Franklin’s Defense of Religion

I’m not a religious person, but I am interested in history and especially in how ideas play out in history.

I came across this today. In it, Benjamin Franklin responds to one of Thomas Paine’s essays against there being any sort of providence.

It’s well-known that many of the founding fathers were deists and were skeptical of religion. Jefferson, for instance, edited his own bible. Paine took the idea of questioning to its logical extreme and advocated atheism.

Franklin was quite a character — he made a lot of money on preaching various forms of common sense morality but was also quite a bit of a party animal, especially when he got to France.

So it’s interesting to see folks from the age that founded my country discuss the role of religion in social affairs.


[Date uncertain.]


I have read your manuscript with some attention. By the argument it contains against a particular Providence, though you allow a general Providence, you strike at the foundations of all religion. For without the belief of a Providence, that takes cognizance of, guards, and guides, and may favor particular persons, there is no motive to worship a Deity, to fear his displeasure, or to pray for his protection. I will not enter into any discussion of your principles, though you seem to desire it. At present I shall only give you my opinion, that, though your reasonings are subtile and may prevail with some readers, you will not succeed so as to change the general sentiments of mankind on that subject, and the consequence of printing this piece will be, a great deal of odium drawn upon yourself, mischief to you, and no benefit to others. He that spits against the wind, spits in his own face.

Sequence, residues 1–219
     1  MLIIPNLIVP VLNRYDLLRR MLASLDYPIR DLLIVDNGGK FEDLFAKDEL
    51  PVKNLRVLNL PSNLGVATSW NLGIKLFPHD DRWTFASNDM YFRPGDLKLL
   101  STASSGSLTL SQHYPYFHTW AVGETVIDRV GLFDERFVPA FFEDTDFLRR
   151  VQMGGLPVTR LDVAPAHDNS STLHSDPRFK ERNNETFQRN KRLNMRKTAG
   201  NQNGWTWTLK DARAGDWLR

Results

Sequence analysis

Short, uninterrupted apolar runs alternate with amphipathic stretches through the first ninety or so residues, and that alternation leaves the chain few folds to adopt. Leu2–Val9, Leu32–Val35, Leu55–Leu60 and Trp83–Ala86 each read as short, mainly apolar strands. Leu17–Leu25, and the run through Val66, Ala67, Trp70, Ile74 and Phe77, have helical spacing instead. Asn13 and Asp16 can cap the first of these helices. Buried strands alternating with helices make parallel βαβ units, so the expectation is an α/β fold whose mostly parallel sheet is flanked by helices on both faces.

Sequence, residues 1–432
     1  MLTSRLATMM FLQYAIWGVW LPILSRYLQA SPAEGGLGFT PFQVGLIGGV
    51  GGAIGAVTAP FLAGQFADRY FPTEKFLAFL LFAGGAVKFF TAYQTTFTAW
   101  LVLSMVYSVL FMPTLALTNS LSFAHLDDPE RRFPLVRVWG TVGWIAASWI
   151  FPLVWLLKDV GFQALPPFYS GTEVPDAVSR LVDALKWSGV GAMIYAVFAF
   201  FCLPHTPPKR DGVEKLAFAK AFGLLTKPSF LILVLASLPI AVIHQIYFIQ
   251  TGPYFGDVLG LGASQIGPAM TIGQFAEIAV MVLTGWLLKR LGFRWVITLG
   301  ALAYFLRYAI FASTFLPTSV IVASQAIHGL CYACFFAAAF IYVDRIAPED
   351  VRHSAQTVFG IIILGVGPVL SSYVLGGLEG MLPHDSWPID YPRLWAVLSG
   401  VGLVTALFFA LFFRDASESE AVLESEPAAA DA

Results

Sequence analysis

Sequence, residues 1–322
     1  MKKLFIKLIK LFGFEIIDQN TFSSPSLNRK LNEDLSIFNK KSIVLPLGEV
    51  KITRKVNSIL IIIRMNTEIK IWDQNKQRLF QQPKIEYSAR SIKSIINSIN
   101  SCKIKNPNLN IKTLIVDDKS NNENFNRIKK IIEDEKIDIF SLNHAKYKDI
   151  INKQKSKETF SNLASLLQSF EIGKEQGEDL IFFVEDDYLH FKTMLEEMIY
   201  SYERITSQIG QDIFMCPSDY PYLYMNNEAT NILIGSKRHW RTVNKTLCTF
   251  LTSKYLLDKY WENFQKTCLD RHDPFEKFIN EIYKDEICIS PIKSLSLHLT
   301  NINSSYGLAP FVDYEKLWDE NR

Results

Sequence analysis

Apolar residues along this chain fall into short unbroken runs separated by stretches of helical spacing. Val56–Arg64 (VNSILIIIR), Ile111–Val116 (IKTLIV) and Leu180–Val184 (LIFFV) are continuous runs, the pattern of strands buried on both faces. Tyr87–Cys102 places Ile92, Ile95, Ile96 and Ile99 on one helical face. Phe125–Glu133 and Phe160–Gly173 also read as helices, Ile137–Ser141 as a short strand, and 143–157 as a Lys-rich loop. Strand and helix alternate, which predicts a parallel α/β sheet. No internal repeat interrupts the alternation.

But, were you to succeed, do you imagine any good would be done by it? You yourself may find it easy to live a virtuous life, without the assistance afforded by religion; you having a clear perception of the advantages of virtue, and the disadvantages of vice, and possessing a strength of resolution sufficient to enable you to resist common temptations. But think how great a portion of mankind consists of weak and ignorant men and women, and of inexperienced, inconsiderate youth of both sexes, who have need of the motives of religion to restrain them from vice, to support their virtue, and retain them in the practice of it till it becomes habitual, which is the great point for its security. And perhaps you are indebted to her originally, that is, to your religious education, for the habits of virtue upon which you now justly value yourself. You might easily display your excellent talents of reasoning upon a less hazardous subject, and thereby obtain a rank with our most distinguished authors. For among us it is not necessary, as among the Hottentots, that a youth, to be raised into the company of men, should prove his manhood by beating his mother.

I would advise you, therefore, not to attempt unchaining the tiger, but to burn this piece before it is seen by any other person; whereby you will save yourself a great deal of mortification by the enemies it may raise against you, and perhaps a good deal of regret and repentance. If men are so wicked with religion, what would they be if without it. I intend this letter itself as a proof of my friendship, and therefore add no professions to it; but subscribe simply yours,

B. Franklin

Paine, of course, went on to author The Age of Reason, which totally skewered religion. Then he went to France — which was fertile ground for the kind of meals Paine was dishing up. Franklin was known for his prominent role science in the colonies, the almanac, bifocals, the harmonica, the Franklin Stove, and so forth. The flamethrower, over-the-top rhetoric of Paine led to him personally attacking George Washington, conspiring with Napoleon on how to invade England, and widespread hatred from his fellow Americans when he returned home, just as Franklin had predicted.

The letter is a very interesting insight into how Franklin’s mind worked.

But still, perhaps Paine got the better end of the argument.

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